In an action for divorce, is an illegal numbers and loan-sharking business operated by the parties marital property requiring equitable distribution? This issue is apparently one of first impression in this State.
In open court, pursuant to an oral agreement, the parties each took an inquest against the other in their respective divorce actions, defendant was awarded custody of the infant issue and plaintiff was granted visitation.
In addition, pursuant to the said oral agreement, all ancillary and economic issues were referred to the trial court.
By a fair preponderance of all the credible evidence, the court makes the following findings of fact and conclusions of law:
The parties were married on March 11, 1972, in New York State. There is one issue of the marriage, namely, Michael Richard LaPaglia, born on July 20, 1973. The infant issue resides with defendant at the marital residence located in Hewlett, New York.
In 1974 the parties bought three small buildings, which were income-producing properties. Then in early 1976, the parties sold the properties and used the proceeds to buy a luncheonette and the building in which it was located. Both parties worked at the luncheonette, "Dotti's Hero", on a full-time basis, with plaintiff working principally as a counterman and defendant maintaining the books and records.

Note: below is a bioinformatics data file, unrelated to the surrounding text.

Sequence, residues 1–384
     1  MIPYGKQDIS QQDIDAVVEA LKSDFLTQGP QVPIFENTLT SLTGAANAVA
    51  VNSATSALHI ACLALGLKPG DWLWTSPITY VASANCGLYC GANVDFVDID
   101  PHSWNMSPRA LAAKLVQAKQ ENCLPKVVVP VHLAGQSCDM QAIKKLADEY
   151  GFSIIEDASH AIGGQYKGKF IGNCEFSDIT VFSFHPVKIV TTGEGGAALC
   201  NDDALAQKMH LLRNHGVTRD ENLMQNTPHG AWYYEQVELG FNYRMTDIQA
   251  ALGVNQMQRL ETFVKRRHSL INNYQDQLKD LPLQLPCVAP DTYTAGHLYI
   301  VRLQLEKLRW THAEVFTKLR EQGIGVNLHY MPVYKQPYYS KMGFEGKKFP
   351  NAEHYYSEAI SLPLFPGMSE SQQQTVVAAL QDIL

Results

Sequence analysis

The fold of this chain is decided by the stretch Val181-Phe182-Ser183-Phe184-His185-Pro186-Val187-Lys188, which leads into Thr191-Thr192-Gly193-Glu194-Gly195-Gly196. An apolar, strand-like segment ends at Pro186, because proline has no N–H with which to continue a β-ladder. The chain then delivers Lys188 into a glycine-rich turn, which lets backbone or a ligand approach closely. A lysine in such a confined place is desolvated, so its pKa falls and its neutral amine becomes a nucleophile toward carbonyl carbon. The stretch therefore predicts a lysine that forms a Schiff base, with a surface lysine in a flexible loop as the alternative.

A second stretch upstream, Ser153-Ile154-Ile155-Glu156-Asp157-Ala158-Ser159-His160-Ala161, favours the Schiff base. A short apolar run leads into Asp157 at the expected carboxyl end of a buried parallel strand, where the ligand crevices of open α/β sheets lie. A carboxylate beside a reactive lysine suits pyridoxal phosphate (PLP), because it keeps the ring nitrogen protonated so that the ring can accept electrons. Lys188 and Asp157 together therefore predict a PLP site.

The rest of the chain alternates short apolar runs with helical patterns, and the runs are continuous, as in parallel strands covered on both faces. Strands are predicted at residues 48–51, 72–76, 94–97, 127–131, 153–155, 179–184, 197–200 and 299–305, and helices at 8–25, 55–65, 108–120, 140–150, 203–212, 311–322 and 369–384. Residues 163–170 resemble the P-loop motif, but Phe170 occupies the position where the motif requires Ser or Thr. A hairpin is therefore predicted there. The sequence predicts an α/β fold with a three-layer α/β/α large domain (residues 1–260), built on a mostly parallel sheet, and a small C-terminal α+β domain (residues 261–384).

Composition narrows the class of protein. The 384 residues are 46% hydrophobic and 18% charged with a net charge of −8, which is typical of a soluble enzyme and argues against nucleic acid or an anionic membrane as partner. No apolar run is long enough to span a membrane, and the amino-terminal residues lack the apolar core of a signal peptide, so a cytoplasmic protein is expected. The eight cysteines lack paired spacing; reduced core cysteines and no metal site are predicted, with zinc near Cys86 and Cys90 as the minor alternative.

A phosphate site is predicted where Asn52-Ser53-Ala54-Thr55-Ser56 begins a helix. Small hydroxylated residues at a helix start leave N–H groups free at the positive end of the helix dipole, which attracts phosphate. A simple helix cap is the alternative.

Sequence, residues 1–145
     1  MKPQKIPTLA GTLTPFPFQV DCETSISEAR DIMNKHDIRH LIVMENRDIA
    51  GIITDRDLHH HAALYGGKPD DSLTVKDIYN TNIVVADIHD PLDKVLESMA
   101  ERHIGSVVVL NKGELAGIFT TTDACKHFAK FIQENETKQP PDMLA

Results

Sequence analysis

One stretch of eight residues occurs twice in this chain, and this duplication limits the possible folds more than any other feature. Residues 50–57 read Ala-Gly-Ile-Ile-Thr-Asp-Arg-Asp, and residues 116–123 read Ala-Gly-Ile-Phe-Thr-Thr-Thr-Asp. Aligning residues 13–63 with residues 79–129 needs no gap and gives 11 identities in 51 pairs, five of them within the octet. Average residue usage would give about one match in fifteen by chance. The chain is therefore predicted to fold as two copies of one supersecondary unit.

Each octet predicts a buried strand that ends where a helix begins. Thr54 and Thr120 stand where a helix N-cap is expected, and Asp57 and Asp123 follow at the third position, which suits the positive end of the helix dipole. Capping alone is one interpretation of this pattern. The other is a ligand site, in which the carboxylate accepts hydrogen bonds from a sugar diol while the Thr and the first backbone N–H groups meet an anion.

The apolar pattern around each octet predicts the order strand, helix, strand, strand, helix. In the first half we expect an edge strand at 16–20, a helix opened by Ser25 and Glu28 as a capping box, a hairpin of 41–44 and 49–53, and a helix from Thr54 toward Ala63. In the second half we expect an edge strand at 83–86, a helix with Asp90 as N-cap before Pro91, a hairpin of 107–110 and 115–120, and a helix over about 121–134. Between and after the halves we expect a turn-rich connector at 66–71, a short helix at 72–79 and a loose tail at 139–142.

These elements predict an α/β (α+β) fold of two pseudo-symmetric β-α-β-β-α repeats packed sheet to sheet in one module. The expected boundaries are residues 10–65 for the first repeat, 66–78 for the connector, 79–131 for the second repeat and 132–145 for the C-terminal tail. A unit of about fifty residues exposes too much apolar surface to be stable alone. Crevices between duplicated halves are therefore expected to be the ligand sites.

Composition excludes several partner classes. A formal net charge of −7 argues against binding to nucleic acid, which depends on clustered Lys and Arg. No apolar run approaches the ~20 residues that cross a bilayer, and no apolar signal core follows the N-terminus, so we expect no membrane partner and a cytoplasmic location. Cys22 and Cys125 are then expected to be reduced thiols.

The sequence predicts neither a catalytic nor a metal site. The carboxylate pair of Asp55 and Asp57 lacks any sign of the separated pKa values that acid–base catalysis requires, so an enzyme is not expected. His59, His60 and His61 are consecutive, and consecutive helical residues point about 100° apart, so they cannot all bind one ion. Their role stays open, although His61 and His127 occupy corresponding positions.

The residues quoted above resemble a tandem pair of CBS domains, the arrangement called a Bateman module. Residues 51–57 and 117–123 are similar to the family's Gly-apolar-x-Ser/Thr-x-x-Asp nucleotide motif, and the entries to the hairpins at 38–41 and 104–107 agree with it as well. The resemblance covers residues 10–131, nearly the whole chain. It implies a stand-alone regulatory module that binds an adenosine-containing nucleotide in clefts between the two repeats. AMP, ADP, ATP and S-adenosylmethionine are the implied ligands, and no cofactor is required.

In August 1982, the parties sold "Dotti's Hero" for $117,000 and the building for $108,000 and took back two mortgages covering the entire purchase price.
In 1983 the parties purchase a commercial building on Atlantic Avenue, Brooklyn, New York. It consisted of a store and two income-producing apartments. The parties operated the store as a candy and convenience food store under the name of "M and R Candy Store" and as an illegal numbers and loan-sharking business as well. Both parties worked in the store until July 1985 when the defendant voluntarily ceased working there. The illegal activities of the parties at the candy store are known to law enforcement officials.
The uncontroverted fair market value of the Atlantic Avenue building is $48,000. With respect to the candy store, defendant's expert testified that the fair market value of "M and R Candy Store" is $85,000 and, if he considers the illegal activities there, then the value is increased to $200,000. Plaintiff had invoked his Fifth Amendment right against self-incrimination when questioned regarding his income from "M and R Candy Store".
On September 5, 1975 the parties purchased the marital home from accumulated marital savings, which the court-appointed appraiser valued at $221,000.
The court-appointed appraiser valued the furniture and furnishings in the marital residence at $9,000 and found the value of the 1984 Cadillac, which is presently held by the defendant, to be $10,250, and the value of the 1979 ...